These still weren’t the highest readings in the city centre though, with the highest three readings coming from new monitors.
The worst pollution in Newcastle city centre in 2018
- Orchard Street Taxi Rank [DT74] 96μg/m3
- Orchard Street Taxi Rank [DT75] 79μg/m3
- Old Eldon Square [DT65] 71μg/m3
- Market Street [DT8] 66μg/m3
- Mosley Street [DT12] 62μg/m3
These locations suggest the Council are right to tackle air pollution from buses and taxis, as buses and taxis make up a large proportion of traffic at all these locations. According to the Council’s report, locations with an annual measurement over 60μg/m3 are also considered to be at risk of exceeding the legal hourly maximum of 200μg/m3.
These figures also suggest that city centre taxi and bus drivers could be amongst the most at risk from ill heath due to air pollution. In the SPACE for Gosforth response to the Council’s consultation we proposed a measure [our ref D08] to “Implement a program of air quality monitoring covering the insides of taxis and buses operating in the city centre. [and] Consider providing additional health advice for bus and taxi drivers.”
Drivers are exposed to the highest levels of harmful air pollution. And there’s evidence that traffic-related air pollution causes greater adverse health effects compared to other sources. https://t.co/wpwVDgRIit
— The Conversation (@ConversationUK) October 1, 2019
We also suggested that the Council “Remove through traffic from the Urban Core as per Council Policy UC9, with exemptions for buses” [Reference B08]. In many cities traffic crossing the city centre uses a ring road and it would not be unreasonable for the same to happen in Newcastle, leaving the city centre streets clearer for buses and vehicles accessing city centre destinations.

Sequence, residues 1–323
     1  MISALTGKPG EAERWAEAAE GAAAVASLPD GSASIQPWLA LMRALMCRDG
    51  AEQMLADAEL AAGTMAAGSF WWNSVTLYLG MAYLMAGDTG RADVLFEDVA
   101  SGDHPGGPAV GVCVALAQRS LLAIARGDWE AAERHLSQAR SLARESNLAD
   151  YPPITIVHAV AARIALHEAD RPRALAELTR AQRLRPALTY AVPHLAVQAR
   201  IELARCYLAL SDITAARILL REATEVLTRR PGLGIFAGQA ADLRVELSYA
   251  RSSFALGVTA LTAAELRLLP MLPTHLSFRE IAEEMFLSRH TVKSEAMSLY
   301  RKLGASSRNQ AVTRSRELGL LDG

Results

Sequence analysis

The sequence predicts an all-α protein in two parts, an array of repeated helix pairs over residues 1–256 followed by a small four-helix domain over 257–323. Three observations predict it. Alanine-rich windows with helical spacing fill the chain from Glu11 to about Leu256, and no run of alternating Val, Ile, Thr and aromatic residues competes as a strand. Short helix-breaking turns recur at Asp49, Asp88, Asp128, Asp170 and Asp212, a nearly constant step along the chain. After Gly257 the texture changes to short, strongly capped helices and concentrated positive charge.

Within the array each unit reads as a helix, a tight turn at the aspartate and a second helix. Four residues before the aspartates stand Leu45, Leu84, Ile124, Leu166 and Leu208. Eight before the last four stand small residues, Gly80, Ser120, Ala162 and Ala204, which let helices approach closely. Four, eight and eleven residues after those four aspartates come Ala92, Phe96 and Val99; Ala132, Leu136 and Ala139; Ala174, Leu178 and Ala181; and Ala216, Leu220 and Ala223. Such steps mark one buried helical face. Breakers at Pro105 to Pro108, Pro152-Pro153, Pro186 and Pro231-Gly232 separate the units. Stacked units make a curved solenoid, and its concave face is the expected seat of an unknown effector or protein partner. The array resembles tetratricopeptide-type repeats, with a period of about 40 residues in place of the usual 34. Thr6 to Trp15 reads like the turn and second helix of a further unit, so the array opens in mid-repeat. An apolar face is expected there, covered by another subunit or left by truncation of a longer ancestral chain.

The Council has talked about removing parking from Grey Street (Cars could be banned from Newcastle’s Grey Street), which was also our proposal B03, although our suggested deadline for that to be implemented has already been missed.
Air Pollution on The Coast Road
The second highest pollution measurement in 2018, at 84μg/m3, was on The Coast Road at the entrance to Jesmond Park West near The People’s Theatre. The Council’s pollution plan analysis is that air quality on The Coast Road will be compliant in 2021 and that no additional measures are required. We believe the modelling has come to this conclusion as a result of an assumption that more people will be buying petrol vehicles in future compared to diesels. We also believe this modelling will not have taken into account the high readings by Jesmond Park West as pollution at this location was only measured for the first time in 2018.
Will the Council’s Pollution Plan be effective?
The Council’s plan is based on a model of traffic flows that forecasts pollution levels. In the air quality modelling report that supports the final plan it gives forecast measurements at a range of locations across Newcastle, North Tyneside and Gateshead.
This is something we hope to look at further in future, but comparing modelled and actual pollution measurements on the Central Motorway suggests actual pollution is still quite a bit higher than forecast. We hope the Council will continue to monitor actual pollution levels to see how this varies from its forecasts and will update its plan accordingly.